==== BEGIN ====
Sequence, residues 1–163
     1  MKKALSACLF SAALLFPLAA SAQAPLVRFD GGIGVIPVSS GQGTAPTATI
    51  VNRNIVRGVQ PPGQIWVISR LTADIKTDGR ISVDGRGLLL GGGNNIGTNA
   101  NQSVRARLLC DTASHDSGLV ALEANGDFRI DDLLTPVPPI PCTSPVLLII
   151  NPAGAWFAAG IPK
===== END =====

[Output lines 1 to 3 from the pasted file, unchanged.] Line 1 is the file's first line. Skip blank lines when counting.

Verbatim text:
Sequence, residues 1–163
     1  MKKALSACLF SAALLFPLAA SAQAPLVRFD GGIGVIPVSS GQGTAPTATI
    51  VNRNIVRGVQ PPGQIWVISR LTADIKTDGR ISVDGRGLLL GGGNNIGTNA